Based on the Ehresmann connection theory and symplectic geometry, the canonical formulation of nonholonomic constrained mechanical systems is described. Following the Lagrangian formulation of the constrained system, the Hamiltonian formulation is given by Legendre transformation. The Poisson bracket defined by an anti-symmetric tensor does not satisfy the Jacobi identity for the nonintegrability of nonholonomic constraints. The constraint manifold can admit symplectic submanifold for some cases, in which the Lie algebraic structure exists.

This paper studies the response cumulants for a kind of special nonholonomic systems under non-Gaussian, delta-correlated excitations. We present a new methodology for formulating the equations governing the evolution of the response cumulants of the stochastic dynamic systems. The response cumulant differential equations (CDEs) derived can be used to calculate the response cumulants for both linear and nonlinear systems. One example is given to illustrate how to use the CDEs for calculating response cumulants.

After a Birkhoff system is restricted by constraints, the determining equations, the Lie symmetries, the structure equation and the form of conserved quantities corresponding to the Lie symmetries will change. Some Lie symmetries will disappear and under certain conditions some Lie symmetries will still remain present. The condition under which Lie symmetries and conserved quantities of the system will remain is given.

A method that allows one to control chaotic and hyperchaotic systems by a random proportional pulse feedback of system variables is proposed. This method is illustrated with the Rossler chaotic and the complex Lorenz-Harken hyperchaotic systems, and a better control result is obtained. The advantage of this method is that just one perturbed system variable is enough to obtain a stabilized periodic orbit.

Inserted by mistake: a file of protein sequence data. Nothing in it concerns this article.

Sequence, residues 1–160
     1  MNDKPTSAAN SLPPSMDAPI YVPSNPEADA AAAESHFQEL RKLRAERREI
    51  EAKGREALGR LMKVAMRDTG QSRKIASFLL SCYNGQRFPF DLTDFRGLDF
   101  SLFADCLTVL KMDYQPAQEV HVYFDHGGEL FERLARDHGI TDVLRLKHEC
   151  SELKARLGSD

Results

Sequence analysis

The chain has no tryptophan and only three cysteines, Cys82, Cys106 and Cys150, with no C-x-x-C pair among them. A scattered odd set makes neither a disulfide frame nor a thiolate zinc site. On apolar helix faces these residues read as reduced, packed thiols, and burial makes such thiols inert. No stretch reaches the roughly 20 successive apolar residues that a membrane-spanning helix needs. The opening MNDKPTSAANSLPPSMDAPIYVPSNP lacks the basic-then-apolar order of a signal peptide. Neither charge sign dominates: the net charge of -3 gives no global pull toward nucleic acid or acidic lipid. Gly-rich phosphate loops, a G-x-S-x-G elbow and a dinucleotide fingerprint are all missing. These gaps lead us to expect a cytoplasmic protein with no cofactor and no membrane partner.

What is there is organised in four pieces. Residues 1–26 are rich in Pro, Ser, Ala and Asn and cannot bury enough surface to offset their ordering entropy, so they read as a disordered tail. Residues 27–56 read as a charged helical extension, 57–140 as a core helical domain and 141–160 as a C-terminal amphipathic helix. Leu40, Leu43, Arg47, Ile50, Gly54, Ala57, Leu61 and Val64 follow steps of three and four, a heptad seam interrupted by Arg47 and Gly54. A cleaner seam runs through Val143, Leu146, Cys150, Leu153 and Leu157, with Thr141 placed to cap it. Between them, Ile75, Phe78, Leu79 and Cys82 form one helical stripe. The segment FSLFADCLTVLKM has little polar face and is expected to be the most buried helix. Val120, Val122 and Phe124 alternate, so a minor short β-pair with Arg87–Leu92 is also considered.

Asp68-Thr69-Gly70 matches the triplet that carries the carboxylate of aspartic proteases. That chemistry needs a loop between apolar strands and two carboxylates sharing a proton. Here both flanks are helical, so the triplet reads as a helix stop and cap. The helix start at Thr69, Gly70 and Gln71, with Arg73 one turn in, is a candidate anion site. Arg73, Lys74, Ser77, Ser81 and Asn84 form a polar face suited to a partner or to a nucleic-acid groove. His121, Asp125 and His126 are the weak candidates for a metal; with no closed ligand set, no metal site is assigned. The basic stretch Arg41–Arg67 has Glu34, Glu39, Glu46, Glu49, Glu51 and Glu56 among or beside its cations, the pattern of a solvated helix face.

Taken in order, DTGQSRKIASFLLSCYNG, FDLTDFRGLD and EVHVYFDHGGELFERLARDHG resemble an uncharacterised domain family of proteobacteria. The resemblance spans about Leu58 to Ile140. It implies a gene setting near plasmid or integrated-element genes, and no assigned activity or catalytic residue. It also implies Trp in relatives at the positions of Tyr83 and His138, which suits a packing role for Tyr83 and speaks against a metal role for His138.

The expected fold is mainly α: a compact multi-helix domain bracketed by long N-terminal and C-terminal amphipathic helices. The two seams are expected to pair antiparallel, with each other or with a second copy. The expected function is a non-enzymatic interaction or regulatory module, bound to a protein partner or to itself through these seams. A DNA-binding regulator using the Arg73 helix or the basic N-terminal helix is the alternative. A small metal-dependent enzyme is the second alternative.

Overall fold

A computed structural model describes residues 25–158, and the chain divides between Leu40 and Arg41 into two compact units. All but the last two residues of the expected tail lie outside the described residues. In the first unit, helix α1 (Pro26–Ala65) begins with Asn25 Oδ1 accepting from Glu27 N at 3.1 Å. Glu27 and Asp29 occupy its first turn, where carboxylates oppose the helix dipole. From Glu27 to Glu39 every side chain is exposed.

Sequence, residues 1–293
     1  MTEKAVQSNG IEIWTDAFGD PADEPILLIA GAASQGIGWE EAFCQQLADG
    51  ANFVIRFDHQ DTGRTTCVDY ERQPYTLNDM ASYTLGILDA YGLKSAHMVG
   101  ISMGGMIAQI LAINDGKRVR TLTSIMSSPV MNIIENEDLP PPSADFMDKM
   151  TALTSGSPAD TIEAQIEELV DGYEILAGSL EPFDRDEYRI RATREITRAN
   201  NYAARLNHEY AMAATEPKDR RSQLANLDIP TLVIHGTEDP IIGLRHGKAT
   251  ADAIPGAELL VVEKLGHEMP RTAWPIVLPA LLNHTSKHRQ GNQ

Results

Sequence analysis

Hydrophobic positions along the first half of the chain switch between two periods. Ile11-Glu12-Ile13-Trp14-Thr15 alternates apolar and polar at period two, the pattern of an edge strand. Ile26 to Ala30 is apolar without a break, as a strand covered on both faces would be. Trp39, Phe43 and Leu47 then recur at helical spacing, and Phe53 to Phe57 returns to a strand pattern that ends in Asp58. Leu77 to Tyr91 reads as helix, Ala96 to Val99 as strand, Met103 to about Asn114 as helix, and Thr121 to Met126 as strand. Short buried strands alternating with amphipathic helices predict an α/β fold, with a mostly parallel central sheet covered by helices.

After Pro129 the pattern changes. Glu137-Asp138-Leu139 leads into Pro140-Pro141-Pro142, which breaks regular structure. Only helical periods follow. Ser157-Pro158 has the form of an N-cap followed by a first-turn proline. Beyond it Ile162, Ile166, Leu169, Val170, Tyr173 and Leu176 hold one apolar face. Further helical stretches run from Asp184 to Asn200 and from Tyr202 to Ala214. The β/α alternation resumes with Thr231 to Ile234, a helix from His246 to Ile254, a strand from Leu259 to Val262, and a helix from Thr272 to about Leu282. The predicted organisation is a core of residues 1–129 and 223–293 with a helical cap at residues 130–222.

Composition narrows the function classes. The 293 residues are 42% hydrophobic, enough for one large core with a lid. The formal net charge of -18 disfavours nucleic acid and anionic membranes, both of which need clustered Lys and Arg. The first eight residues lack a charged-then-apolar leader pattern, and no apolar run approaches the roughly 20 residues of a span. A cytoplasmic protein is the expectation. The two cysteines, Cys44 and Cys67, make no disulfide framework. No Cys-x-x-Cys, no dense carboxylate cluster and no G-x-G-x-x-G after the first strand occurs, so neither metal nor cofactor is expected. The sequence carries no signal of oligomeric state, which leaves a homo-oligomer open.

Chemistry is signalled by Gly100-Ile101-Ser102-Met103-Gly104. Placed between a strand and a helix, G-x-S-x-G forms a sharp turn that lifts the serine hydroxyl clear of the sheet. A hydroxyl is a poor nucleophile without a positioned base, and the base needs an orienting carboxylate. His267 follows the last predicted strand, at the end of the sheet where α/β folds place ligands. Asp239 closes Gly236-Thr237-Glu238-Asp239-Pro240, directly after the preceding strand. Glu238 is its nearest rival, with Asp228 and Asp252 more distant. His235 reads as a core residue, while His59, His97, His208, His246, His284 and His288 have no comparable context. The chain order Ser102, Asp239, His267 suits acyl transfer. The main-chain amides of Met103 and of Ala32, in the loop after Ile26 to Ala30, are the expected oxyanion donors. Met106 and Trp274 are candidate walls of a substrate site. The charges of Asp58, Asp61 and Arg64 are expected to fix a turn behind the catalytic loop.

The interaction mean free path of He projectile fragments, produced by the collisions of ^{16O at 60 A GeV in a nuclear emulsion, has been investigated. In the present analysis, 1555 He projectile fragments, giving rise to 320 secondary interactions, have been used. At a level of 3% a very weak signal of anomalons is observed, which comes mainly from the 3×He channel.}

The experimentally observed special line-shape induced by the interaction between two counter-propagating equal-frequency fields and an Y-type four-level system with two mixed upper levels has been analyzed theoretically. Serious line-shape variations of the two-photon transitions due to the quantum interference are discussed and predicted.

L-shell ionization cross sections of Nb by electron impact in the energy range from 3 to 40 keV have been determined with a Si(Li) X-ray detector. Influence of reflected electrons from backing on the measurement was corrected using an electron transport model. The experimental results are compared with theoretical calculations of Gryzinski and McGuire.

The Rayleigh identity, based on a multipole expansion theory, is extended to analyse the forces between particles in an electrorheological system. The shear modulus for chains of particles arrayed on a square lattice is calculated. It is found that the modulus increases linearly with the ratio of dielectric constants of the dispersed particles to that of the continuous phase; as the ratio becomes larger, contrary to the expectations from a simple dipole approximation, the modulus would saturate. In the case of conducting particles, the modulus varies with the frequency of the applied field. In a limiting case of perfectly conducting particles, the conductivity is also considered. It is found that the particle-particle forces are extremely sensitive to their separations from each other.

PHYSICS OF GASES, PLASMAS, AND ELECTRIC DISCHARGES

Harmonic emission was studied from a plasma produced by ultrashort laser pulses. Unlike the harmonics from plasmas created by long (ns) laser pulses, the 3/2 harmonic emission was not observed in the interaction between plasmas and ultrashort laser pulses. A simple model is proposed to explain this phenomenon.